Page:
Cancer Clinics Granger IN

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David Eugene Joyce, MD
(317) 277-9724
13976 Hearthside Ct
Granger, IN
Specialties
Oncology (Cancer)
Gender
Male
Education
Medical School: St Louis Univ Sch Of Med, St Louis Mo 63104
Graduation Year: 1992

Data Provided by:
William S Kamand, MR
(219) 296-3304
6319 University Commons
South Bend, IN
Specialties
Oncology (Cancer)
Gender
Male
Education
Graduation Year: 2007

Data Provided by:
Toby S Kramer
(574) 258-1100
620 W Edison Rd
Mishawaka, IN
Specialty
Radiation Oncology

Data Provided by:
Allan Marquess Miller, MD
(574) 234-0646
1711 Sunnymede Ave
South Bend, IN
Specialties
Oncology (Cancer)
Gender
Male
Education
Medical School: In Univ Sch Of Med, Indianapolis In 46202
Graduation Year: 1971

Data Provided by:
Binh Nguyen Tran
(574) 237-8000
707 Cedar St
South Bend, IN
Specialty
Radiation Oncology

Data Provided by:
Dr.William Kamanda
(574) 968-4100
6319 University Commons
South Bend, IN
Gender
M
Education
Medical School: Univ Of Liberia, Am Dogliotti Coll Of Med, Monrovia
Year of Graduation: 1982
Speciality
Oncologist
General Information
Hospital: Elkhart General
Accepting New Patients: Yes
RateMD Rating
3.7, out of 5 based on 3, reviews.

Data Provided by:
William Saa Kamanda, MD
(574) 968-4100
And Oncology Associates 6319 State Road 23
South Bend, IN
Specialties
Oncology (Cancer), Internal Medicine
Gender
Male
Languages
French
Education
Medical School: Univ Of Liberia, Am Dogliotti Coll Of Med, Monrovia, Liberia
Graduation Year: 1982
Hospital
Hospital: Elkhart Gen Hosp, Elkhart, In; Lagrange Community Hosp, Lagrange, In
Group Practice: Elkhart Clinic Llc; Elkhart Family Physicians Of The Elkhart Clinic Llc

Data Provided by:
Thomas Albert Troeger, MD
(574) 237-1328
707 Cedar St Ste 200
South Bend, IN
Specialties
Internal Medicine, Medical Oncology
Gender
Male
Languages
Spanish
Education
Medical School: In Univ Sch Of Med, Indianapolis In 46202
Graduation Year: 1962
Hospital
Hospital: Memorial Hosp Of South Bend, South Bend, In; St Josephs Med Ctr, South Bend, In
Group Practice: Michiana Hematology Oncology Pc

Data Provided by:
Juan Carlos Garcia, MD
(219) 472-6401
720 Cedar St Ste 210
South Bend, IN
Specialties
Internal Medicine, Medical Oncology
Gender
Male
Education
Medical School: Univ Nac De Asuncion, Fac De Cien Med, Asuncion, Paraguay
Graduation Year: 1968

Data Provided by:
Rudolph M Navari, MD
(574) 631-3793
250 Nieuwland Sci Hall
Notre Dame, IN
Specialties
Oncology (Cancer)
Gender
Male
Education
Medical School: Va Commonwealth Univ, Med Coll Of Va Sch Of Med, Richmond Va 23298
Graduation Year: 1977

Data Provided by:
Data Provided by:

Living With Cancer

Cancer is more than just a bunch of cells that have run riot. Behind the test findings
in every case is a person who has to deal with the illness and its impact on all the other
facets of one’s existence, including work and relationships. Meet three people who have
adapted their lives to cancer’s everyday reality—and learned about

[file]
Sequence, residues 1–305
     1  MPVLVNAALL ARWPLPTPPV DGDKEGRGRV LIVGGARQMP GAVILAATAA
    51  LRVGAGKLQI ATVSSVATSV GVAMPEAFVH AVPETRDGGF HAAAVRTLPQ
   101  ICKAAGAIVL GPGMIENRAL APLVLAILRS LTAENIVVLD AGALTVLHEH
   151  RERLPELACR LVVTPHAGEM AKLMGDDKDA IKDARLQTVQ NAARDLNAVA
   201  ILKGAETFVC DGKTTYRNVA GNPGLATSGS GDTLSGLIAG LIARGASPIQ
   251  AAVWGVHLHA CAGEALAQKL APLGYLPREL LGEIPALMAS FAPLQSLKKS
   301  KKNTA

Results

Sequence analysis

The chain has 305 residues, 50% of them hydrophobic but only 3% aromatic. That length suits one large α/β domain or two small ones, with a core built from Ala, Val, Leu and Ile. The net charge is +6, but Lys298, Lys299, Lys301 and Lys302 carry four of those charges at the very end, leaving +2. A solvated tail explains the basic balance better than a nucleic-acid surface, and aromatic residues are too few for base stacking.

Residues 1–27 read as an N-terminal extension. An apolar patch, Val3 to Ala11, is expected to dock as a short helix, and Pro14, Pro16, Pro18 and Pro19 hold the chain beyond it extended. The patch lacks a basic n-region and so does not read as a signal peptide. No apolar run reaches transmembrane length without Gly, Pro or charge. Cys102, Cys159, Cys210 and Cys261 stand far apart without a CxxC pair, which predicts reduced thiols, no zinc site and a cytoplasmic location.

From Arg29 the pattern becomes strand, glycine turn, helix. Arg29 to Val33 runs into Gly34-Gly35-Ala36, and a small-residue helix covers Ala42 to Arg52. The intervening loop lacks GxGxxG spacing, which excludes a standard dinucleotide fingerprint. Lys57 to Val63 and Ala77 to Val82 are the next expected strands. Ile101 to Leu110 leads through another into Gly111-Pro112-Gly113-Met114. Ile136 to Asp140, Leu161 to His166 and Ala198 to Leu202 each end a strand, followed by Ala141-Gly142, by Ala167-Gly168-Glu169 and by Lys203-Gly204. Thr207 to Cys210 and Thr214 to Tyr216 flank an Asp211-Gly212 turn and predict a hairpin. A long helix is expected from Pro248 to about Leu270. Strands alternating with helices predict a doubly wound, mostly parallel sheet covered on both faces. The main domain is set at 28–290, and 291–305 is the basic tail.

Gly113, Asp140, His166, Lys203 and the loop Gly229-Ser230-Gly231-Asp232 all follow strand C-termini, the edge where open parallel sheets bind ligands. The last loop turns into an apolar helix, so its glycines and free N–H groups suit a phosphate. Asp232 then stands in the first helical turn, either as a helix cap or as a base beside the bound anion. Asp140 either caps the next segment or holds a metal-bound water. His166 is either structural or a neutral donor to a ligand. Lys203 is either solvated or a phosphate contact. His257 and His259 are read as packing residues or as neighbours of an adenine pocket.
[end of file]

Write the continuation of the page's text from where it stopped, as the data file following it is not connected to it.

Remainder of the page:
themselves in the process.

By Claire Sykes

May 2008

From diagnosis to treatment and beyond, cancer is a challenging road. Formerly a near-certain death sentence, the disease is often now more of a detour. The five-year relative survival rate for all cancers diagnosed between 1996 and 2003 is 66%, up from 50% in the period between 1975 and 1977, according to the American Cancer Society. (The rate compares survival among cancer patients to that of people of the same age, race and sex not diagnosed with cancer.) The improvement in survival reflects progress in diagnosing certain types of cancer at an earlier stage and advances in treatment. Factors such as behavior are difficult to gauge in survival, though the selflessness and determination of the following three survivors, and the emotional support they received, appears to have played a role in their endurance. Here are their stories.

Cynthia’s Story: A Complicated Pregnancy

Two and a half years ago, a pregnant Cynthia Lufkin, 45, was examining her breasts. “I felt unusual changes, not like my first pregnancy,” the Washington, Connecticut, philanthropist recalls. Mammograms were not an option because a baby was due, and three doctor visits in five months uncovered nothing. Then, 32.5 weeks along in her pregnancy, she was diagnosed with breast cancer.

Lufkin had to give birth as quickly as possible via C-section so treatment wouldn’t harm the baby. One doctor urged chemotherapy, another a bilateral mastectomy. Lufkin chose the latter. Meanwhile, because she was born prematurely, little Aster Lee was suffering complications of her own and was put on oxygen, with a 50-50 chance of making it through the night. “For those 12 days before my surgery, it was unbearable, not knowing if my baby or I was going to die,” Lufkin says.

When Lufkin awoke from anesthesia, her newborn was breathing on her own. But two weeks after her surgery, Lufkin started chemotherapy followed by radiation. “There was no question about either,” she says.

To stay as healthy as possible, Lufkin watched her diet and kept herself moving. With her the whole way was Donna Wilson, RN, MSN, RRT, personal trainer, at Memorial Sloan-Kettering Cancer Center, who says, “Chemotherapy causes fatigue and weight gain, and radiation can cause more scar tissue, making full range of motion difficult. Cynthia’s exercises were stretches and arm movements coordinated with her breathing, to decrease stress and return mobility, relieve soreness and stiffness, and improve posture and circulation.”

Before chemo could take her hair, Lufkin had it removed. “That was tough,” she says. “To ev...

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